Los Angeles Lakers 107, Dallas Mavericks 100

Posted by Rob Mahoney on March 16, 2009 under Recaps | 13 Comments to Read

Photo by AP Photo/Hector Mata.

Box ScorePlay-by-PlayShot ChartGameFlow

“Better late than never…right guys?”
-Roberticus Mahoney

The thing about establishing a goal and a corresponding brightline is that you need to be prepared to fall short of it.  Obviously that’s not the preferred result, but even the most worthy competitors need to eventually brace themselves for the possibility of failure.

That may be what stings most about Sunday’s loss in Los Angeles.  The Mavs no doubt realized that this was the toughest game on their four-game road trip, and if there was a spot to drop a loss, this would be it.  Yet the Mavs hung around, enduring an inspired first half performance from Pau Gasol (or a lackluster performance from the Mavs’ defense, take your pick), and took the lead at the 8:49 mark in the 4th quarter.

The Mavs, those with flaws much deeper than their bench, overcame a 15 point deficit and had extended a lead of as much as 5 points.  This could have been the season’s defining moment, a point at which everything the team hopes to accomplish and the often troublesome product they have fielded thus far come to a sharp divergence.  This was a team on the brink of creating something beautiful on a Sunday afternoon on national television.  But, as you know now, it wasn’t to be.

With a little help from his friends, Antoine Wright actually smothered Kobe into an 0-4 first quarter.  It was only fitting that Kobe put similar shackles on the hot-handed Jason Terry to effectively end the Mavs’ run in the fourth, shift the momentum considerably as the Mavs struggled to dribble the ball cleanly, much less score.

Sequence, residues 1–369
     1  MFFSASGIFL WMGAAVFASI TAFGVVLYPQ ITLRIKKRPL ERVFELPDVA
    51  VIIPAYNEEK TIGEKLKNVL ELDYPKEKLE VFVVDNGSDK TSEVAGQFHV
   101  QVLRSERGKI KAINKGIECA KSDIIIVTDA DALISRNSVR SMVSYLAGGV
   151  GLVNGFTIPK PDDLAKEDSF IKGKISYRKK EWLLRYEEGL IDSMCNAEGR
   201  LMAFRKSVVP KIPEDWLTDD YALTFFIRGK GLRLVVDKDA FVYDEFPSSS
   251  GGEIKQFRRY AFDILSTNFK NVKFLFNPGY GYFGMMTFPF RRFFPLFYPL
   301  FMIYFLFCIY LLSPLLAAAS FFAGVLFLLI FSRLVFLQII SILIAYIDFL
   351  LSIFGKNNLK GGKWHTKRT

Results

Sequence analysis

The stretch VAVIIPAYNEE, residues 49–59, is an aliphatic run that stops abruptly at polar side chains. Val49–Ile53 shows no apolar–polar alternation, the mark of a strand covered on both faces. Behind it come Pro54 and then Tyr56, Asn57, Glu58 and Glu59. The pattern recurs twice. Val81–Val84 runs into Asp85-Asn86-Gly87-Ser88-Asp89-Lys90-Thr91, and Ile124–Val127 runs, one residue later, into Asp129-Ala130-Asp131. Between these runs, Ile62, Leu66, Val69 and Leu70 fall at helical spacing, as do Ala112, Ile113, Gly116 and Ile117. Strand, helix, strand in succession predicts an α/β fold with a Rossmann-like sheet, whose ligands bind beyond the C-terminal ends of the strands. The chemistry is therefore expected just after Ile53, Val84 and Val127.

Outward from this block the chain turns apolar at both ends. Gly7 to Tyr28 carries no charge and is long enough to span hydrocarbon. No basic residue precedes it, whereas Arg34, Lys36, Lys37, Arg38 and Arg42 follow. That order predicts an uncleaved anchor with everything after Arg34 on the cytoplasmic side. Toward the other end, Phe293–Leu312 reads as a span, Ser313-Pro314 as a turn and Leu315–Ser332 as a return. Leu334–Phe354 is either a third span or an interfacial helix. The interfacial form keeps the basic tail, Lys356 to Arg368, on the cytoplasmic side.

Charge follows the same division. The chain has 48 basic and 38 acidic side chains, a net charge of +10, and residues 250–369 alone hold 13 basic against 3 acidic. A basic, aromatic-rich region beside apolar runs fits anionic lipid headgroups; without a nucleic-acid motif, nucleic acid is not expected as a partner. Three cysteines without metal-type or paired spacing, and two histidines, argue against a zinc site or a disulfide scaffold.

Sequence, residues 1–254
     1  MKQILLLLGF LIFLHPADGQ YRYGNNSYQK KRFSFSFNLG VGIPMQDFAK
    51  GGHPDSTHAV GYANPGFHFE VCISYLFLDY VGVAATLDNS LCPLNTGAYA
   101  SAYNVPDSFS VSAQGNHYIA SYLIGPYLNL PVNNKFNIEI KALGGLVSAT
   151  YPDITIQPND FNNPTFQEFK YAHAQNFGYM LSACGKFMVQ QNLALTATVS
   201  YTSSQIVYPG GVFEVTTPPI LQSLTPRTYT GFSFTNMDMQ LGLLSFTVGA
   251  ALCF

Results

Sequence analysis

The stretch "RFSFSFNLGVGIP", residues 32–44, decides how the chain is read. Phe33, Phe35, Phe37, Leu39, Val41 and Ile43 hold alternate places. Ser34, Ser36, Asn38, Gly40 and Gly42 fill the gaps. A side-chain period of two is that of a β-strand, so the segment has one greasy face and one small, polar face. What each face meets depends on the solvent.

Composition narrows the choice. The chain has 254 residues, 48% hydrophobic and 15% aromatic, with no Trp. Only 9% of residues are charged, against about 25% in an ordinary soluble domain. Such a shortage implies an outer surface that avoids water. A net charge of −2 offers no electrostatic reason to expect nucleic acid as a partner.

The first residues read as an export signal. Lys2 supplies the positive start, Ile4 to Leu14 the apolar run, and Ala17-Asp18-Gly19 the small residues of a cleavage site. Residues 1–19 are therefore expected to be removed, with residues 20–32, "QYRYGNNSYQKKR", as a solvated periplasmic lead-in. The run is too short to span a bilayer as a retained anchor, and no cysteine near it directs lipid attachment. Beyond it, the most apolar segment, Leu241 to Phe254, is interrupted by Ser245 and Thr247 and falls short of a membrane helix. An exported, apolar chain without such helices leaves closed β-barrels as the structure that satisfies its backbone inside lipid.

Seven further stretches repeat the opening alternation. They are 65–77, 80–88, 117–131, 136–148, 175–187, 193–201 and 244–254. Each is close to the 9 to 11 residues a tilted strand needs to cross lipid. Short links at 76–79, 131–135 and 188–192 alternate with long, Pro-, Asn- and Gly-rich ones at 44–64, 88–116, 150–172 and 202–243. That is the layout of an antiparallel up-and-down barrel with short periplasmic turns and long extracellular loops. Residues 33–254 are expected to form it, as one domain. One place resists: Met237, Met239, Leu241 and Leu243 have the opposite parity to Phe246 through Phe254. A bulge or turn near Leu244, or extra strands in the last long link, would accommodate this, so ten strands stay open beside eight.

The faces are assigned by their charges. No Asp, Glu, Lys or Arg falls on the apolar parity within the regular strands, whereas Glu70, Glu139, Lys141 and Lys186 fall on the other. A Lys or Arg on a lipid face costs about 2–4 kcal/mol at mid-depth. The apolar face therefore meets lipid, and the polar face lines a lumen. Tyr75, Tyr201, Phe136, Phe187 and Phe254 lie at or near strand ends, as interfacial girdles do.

Still, one has to ask why exactly Jason Kidd is taking the biggest shots of the game, and why exactly our star point guard is committing silly ball-handling errors and careless turnovers on overambitious passes.  The great points of the league can see the angles no one else can see, and make the passes no one else can make; part of that comes from pure ability, and the other part comes from the will to complete those types of passes.  Kidd showed every bit of that will, but maybe he was a little too willing to attempt to thread the needle through three defenders on the break when a lob or kick-out would have done just fine.

The defense continues to be the problem.  In the first half, the Mavs were getting good looks, but just failed to capitalize.  Meanwhile on the other end, Pau Gasol was having his way, three point shooters were left wide open, and Kobe Bryant eventually remembered that he is, in fact, Kobe Bryant.  The Mavs again show a complete inability to defend any player on the floor that could be described as ‘quick,’ and the man defense was sliced and diced on the way to a 66-point first half for L.A..  But there is a bright spot defensively: the zone continues to baffle opponents.  It’s effectiveness would no doubt dwindle in a playoff series, in which coaching staffs (staves) can tech and teach specifically to counter it.  In the regular season, on the other hand, it’s managed to slow down two of the league’s most potent offenses while only surrendering one key weakness against the Lakers: the lack of rebounding in the clutch.  Lamar Odom turned excellent defensive possessions for the Mavs into entirely too many opportunities for the Lakers.  Of course when the Mavs went away from the zone to secure more rebounds, the Lakers just beat them outright.  Fun.

It’s also definitely worth noting that the zone is a vicegrip for opposing second units.  The Mavs bench isn’t particularly skilled defensively, but what they lack in talent and fundamentals on that end they make up for in hustle.  Barea, Singleton, and Bass, coupled with say Antoine Wright and Jason Terry, can smother opponents’ bench lineups that lack the sort of penetrating playmaker needed to make smart passes against the zone.  We saw this in full effect against the Lakers sans Kobe, and equally so with the Blazers sans a healthy Brandon Roy.

Dirk played very poorly by his standards.  His shot was off the entire night, and this may be the first game of the season where the Mavs came back to make things interesting in spite of him.  Credit that to Jason Terry, who made an absolutely batty seven threes.  Ultimately, it wasn’t enough, and this one stings more than a game that just slipped through our fingers.